How OneUnited Bank Is Promoting Financial Literacy For Kids

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Written by Ann Brown
OneUnited Bank
Photo: OneUnited Bank

OneUnited Bank is one of the largest Black-owned banks in America and the home of the #BankBlack Movement. And it is run by Teri Williams, president and owner of OneUnited Bank.

The bank recently organized its 9th annual  “I Got Bank Youth Essay and Art competition where $10,000 will be awarded to 10 children nationwide. Each winning child will receive a $1,000 savings account.  For the competition, kids ages 8 to 12 had to read a book Williams who wrote called “ I Got Bank: What My Granddad taught me about money.” After reading the book, entrants had to write a 250-word essay or create art that demonstrates their understanding of financial literacy.

Bank will choose the ten winners by August 31, 2019. 

Williams told Moguldom more about the competition as well as the Black community and financial literacy.

Moguldom: Why did you start the “I Got Bank!” Financial Literacy Contest?

Teri Williams: The I Got Bank Contest was started nine years ago when we began expanding our outreach to teach financial literacy to children who were impacted by the financial crisis. The contest teaches financial literacy to urban youth and selects ten winners who receive a $1,000 savings account.

Moguldom: How has it changed over the years?

Teri Williams: Yes, the contest has changed. The recent essays include fewer stories about foreclosures and financial distress and more stories about entrepreneurship. We also expanded the contest to include art in 2017.

Moguldom: Why is it important for kids to be financially literate?

Teri Williams: We strongly believe that educating our children on money matters will help them make better financial decisions for the rest of their lives. 

Moguldom: How did you get interested in the banking industry?

Teri Williams: I was an economics major in college, which led to my first job at Bank of America. I actually found banking to be boring and stuffy and therefore switched to American Express after business school. I still think banking can be boring. We work hard to make it more engaging and even fun!

Moguldom: The financial gap seems to be growing, but do you feel Black families are becoming more financially literate? 

Teri Williams: We are absolutely becoming more financially literate and savvy. We have accomplished a tremendous amount given the hurdles placed in our way including slavery, Jim Crow, redlining, housing and employment discrimination, subprime loans, etc. We now recognize the importance of the $1.2 trillion we spend annually and are using those dollars to BankBlack and BuyBlack, thereby building wealth in our community.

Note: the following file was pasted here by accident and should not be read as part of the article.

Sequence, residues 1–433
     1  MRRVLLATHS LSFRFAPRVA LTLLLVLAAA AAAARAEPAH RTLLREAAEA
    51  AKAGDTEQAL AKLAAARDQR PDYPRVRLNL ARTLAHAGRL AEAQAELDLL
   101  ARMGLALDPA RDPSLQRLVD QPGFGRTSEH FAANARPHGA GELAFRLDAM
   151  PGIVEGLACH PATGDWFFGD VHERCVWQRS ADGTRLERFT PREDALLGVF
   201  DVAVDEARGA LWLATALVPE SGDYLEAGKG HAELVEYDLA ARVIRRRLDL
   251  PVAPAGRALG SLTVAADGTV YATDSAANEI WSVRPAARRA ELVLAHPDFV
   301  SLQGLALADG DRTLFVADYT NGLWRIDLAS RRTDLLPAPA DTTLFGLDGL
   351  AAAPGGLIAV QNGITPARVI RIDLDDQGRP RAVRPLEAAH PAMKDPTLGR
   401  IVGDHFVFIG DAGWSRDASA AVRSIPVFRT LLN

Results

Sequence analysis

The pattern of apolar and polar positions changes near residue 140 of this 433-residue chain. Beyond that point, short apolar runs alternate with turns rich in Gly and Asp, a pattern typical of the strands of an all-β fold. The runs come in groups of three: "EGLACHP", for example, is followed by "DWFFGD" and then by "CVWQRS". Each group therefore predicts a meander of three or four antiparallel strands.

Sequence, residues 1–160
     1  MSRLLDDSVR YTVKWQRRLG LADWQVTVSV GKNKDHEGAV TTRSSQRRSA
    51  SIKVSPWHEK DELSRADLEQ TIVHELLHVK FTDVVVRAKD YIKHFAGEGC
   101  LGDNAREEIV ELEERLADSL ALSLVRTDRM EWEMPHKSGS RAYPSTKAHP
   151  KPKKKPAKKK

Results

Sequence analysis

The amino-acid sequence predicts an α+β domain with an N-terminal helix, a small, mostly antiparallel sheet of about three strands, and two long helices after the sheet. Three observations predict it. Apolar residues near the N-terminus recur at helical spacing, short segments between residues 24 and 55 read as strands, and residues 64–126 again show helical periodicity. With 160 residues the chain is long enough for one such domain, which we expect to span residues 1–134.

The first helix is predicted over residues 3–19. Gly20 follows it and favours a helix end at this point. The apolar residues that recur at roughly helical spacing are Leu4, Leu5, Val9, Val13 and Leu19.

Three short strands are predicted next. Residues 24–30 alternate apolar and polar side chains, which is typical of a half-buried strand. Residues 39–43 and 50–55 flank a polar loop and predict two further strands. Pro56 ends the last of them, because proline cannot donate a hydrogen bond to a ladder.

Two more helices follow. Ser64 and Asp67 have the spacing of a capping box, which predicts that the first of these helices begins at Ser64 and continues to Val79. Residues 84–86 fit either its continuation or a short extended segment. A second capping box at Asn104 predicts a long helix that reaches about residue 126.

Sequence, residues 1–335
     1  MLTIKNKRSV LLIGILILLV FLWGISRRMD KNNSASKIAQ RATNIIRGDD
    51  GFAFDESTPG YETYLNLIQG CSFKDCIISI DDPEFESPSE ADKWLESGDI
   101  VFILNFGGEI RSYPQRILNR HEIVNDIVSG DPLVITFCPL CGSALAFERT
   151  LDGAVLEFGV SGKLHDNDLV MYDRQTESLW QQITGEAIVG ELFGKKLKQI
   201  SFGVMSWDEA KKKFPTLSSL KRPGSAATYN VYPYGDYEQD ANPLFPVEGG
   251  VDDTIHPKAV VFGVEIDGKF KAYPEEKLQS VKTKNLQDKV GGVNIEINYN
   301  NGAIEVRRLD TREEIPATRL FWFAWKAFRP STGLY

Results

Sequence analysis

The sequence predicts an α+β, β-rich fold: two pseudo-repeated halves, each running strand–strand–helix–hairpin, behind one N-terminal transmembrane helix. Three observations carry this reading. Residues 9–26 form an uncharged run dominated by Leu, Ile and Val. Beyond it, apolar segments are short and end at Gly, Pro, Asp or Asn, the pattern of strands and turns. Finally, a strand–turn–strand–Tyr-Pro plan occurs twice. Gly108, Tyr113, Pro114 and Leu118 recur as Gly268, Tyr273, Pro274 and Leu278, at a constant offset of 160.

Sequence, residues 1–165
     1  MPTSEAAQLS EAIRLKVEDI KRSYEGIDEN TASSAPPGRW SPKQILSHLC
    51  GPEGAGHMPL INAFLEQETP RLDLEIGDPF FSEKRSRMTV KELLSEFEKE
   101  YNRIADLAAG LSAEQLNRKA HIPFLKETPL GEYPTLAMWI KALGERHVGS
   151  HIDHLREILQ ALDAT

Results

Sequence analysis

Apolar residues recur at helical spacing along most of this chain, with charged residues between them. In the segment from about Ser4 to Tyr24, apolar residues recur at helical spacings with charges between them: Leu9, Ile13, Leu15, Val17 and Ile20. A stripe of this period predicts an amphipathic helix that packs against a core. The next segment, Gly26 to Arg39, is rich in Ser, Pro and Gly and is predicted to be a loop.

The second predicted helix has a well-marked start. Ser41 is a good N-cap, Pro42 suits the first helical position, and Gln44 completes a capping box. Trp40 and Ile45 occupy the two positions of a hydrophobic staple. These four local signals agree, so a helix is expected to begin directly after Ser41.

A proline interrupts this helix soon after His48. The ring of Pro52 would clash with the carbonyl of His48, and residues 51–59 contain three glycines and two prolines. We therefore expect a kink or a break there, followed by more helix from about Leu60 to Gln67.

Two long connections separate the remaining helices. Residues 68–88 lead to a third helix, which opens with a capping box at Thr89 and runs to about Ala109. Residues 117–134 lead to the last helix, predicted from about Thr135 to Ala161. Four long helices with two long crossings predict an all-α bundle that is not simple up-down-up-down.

Moguldom: Tell us more about  #Kings and #Queens.

Teri Williams: The Royalty Campaign is to educate and remind us of the African dynasties that existed and are part of our DNA. Our successful history was wiped out in a rebranding campaign to justify slavery. Yet we continue to rise and celebrate the Queens and Kings in our community, from scientist to activist. Our King and Queen Cards symbolize our success.

Moguldom:  What’s next for OneUnited Bank?

Teri Williams: We will be relaunching the #BankBlack movement in September with new technology and programs. We’re calling it #BankBlack 3.0. Stay tuned.

Moguldom: What are your goals for this year?

Teri Williams: To continue to expand the #BankBlack Movement to reach that “tipping point” where every Black family in America has a #BankBlack experience and are on their way to financial wellness.

Moguldom: How can Black families start closing the financial gap?

Teri Williams: Save through an automatic savings plan, buy real estate in urban communities, which are now popular, buy life insurance, even a simple term policy, and have a will and health proxy. Those are the basic and essential steps.

Moguldom: What are some tips for parents to teach their children financial responsibility? 

Teri Williams: Given them an allowance and teach the importance of savings first and foremost. Educate them on how much things cost and how to find less expensive ways to achieve the same goals. Also, make sure they read my book, “I Got Bank: What My Granddad Taught Me About Money.” They will be forever changed.